A Critical Introduction to Queer Theory

Front Cover
NYU Press, Oct 1, 2003 - Social Science - 232 pages
0 Reviews

A Critical Introduction to Queer Theory explores the ways in which sexuality, subjectivity and sociality have been discursively produced in various historical and cultural contexts.

The book begins by putting gay and lesbian sexuality and politics in historical context and demonstrates how and why queer theory emerged in the West in the late twentieth century. Sullivan goes on to provide a detailed overview of the complex ways in which queer theory has been employed, covering a diversity of key topics including: race, sadomasochism, straight sex, fetishism, community, popular culture, transgender, and performativity. Each chapter focuses on a distinct issue or topic, provides a critical analysis of the specific ways in which it has been responded to by critics (including Freud, Foucault, Derrida, Judith Butler, Jean-Luc Nancy, Adrienne Rich and Laura Mulvey), introduces key terms, and uses contemporary cinematic texts as examples.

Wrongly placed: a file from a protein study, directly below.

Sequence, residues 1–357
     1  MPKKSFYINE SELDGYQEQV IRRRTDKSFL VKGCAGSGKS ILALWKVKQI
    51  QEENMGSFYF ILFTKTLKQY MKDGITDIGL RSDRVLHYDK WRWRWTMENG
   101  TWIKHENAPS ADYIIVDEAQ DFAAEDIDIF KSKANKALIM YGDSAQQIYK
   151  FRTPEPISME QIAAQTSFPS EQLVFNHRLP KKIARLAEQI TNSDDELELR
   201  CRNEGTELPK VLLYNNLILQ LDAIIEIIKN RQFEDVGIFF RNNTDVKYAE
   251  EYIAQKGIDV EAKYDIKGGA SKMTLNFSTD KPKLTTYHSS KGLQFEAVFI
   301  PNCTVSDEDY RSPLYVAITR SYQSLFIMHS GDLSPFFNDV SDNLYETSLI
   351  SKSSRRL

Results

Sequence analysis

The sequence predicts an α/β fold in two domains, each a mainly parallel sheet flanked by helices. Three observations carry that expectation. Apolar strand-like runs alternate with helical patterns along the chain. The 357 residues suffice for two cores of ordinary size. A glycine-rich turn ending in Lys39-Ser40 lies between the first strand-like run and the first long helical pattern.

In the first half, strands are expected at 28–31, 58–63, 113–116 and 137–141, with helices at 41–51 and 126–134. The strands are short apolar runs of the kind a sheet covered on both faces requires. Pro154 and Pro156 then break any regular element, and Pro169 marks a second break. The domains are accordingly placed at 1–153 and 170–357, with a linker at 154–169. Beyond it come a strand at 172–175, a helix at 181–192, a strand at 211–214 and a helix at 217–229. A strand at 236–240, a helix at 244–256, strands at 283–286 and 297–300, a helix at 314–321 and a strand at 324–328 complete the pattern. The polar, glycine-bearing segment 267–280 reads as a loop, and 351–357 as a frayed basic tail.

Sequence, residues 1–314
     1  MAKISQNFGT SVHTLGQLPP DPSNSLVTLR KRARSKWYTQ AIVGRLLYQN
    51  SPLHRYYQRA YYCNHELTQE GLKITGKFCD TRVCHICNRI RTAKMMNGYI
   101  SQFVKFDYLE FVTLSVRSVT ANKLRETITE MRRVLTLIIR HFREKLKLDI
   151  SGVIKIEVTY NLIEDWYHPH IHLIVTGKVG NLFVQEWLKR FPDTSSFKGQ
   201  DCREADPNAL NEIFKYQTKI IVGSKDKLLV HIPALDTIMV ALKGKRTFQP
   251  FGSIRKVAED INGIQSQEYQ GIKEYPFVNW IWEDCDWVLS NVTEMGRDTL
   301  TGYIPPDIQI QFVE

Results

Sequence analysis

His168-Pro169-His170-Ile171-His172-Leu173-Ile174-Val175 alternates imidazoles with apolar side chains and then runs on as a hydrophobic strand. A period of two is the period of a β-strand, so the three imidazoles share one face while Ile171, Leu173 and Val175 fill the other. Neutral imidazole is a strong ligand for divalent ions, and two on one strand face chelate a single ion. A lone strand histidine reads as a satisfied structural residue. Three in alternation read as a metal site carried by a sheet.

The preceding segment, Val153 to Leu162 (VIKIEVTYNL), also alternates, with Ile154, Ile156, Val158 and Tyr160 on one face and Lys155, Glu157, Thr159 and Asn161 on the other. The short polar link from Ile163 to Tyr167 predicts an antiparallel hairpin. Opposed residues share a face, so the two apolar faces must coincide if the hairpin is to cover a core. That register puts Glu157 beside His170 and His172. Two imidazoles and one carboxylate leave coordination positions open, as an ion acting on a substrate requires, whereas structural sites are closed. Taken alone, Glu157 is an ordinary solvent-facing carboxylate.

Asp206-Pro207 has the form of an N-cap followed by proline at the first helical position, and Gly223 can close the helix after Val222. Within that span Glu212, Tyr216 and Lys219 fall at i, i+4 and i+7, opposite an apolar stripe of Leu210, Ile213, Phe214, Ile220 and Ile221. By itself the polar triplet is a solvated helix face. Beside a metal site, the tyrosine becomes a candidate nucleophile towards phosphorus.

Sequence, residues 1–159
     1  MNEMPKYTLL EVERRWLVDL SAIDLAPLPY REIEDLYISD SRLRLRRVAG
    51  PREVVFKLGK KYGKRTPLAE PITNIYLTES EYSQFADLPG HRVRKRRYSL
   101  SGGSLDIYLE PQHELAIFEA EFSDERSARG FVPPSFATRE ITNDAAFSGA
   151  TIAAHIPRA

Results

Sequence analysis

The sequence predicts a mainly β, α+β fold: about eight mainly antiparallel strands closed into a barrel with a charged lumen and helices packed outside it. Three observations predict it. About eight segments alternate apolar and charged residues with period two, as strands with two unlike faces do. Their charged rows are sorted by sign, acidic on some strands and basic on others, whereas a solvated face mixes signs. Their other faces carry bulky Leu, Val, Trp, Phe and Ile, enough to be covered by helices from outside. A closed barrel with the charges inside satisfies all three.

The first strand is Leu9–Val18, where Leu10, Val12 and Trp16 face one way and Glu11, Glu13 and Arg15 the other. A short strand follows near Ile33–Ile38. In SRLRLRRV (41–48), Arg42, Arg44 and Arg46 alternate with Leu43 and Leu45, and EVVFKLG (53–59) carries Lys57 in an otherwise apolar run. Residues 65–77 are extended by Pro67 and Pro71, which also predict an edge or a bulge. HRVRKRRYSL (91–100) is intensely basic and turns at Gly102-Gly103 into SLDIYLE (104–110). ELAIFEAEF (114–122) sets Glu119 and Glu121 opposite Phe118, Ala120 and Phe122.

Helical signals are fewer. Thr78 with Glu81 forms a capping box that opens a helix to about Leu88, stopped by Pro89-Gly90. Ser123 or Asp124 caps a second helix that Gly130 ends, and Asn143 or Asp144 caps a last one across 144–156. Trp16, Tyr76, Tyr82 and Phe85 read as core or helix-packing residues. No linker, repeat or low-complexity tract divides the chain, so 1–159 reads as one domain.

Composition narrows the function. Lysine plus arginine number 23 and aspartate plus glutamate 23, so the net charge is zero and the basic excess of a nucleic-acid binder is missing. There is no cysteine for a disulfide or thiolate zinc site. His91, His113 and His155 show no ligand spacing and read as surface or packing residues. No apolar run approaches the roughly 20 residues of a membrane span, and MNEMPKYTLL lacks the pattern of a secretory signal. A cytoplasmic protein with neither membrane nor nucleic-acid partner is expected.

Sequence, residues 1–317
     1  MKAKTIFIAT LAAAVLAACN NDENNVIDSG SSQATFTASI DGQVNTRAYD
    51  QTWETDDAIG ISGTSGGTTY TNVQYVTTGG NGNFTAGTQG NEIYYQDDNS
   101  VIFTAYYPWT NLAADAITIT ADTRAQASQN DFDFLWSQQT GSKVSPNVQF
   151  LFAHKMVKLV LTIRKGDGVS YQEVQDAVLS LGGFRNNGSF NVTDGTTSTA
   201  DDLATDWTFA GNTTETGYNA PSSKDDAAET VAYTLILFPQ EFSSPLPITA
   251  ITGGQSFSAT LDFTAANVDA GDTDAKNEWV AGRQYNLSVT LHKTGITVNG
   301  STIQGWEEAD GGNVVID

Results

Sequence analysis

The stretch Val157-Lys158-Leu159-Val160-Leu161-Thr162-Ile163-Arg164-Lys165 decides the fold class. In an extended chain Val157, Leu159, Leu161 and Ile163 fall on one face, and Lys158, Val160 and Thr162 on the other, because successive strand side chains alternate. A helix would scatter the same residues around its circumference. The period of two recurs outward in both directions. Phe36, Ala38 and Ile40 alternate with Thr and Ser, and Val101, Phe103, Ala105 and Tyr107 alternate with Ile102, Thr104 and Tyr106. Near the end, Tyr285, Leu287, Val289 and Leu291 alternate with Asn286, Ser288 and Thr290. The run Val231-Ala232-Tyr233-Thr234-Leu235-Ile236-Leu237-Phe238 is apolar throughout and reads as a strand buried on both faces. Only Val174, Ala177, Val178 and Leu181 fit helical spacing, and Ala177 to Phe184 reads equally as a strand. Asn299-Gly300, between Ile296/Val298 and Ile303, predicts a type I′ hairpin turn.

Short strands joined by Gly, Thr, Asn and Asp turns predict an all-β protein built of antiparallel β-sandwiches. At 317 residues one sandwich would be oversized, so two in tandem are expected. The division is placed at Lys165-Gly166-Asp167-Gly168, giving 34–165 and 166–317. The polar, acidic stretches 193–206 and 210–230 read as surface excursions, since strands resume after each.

What people are saying - Write a review

We haven't found any reviews in the usual places.

Other editions - View all

References to this book

All Book Search results »

About the author (2003)

Nikki Sullivan is a lecturer in the Department of Critical and Cultural Studies at Macquarie University. She is the author of Tattooed Bodies: Subjectivity, Textuality, Ethics, Pleasure; and numerous articles on body modification and on sexuality.

Bibliographic information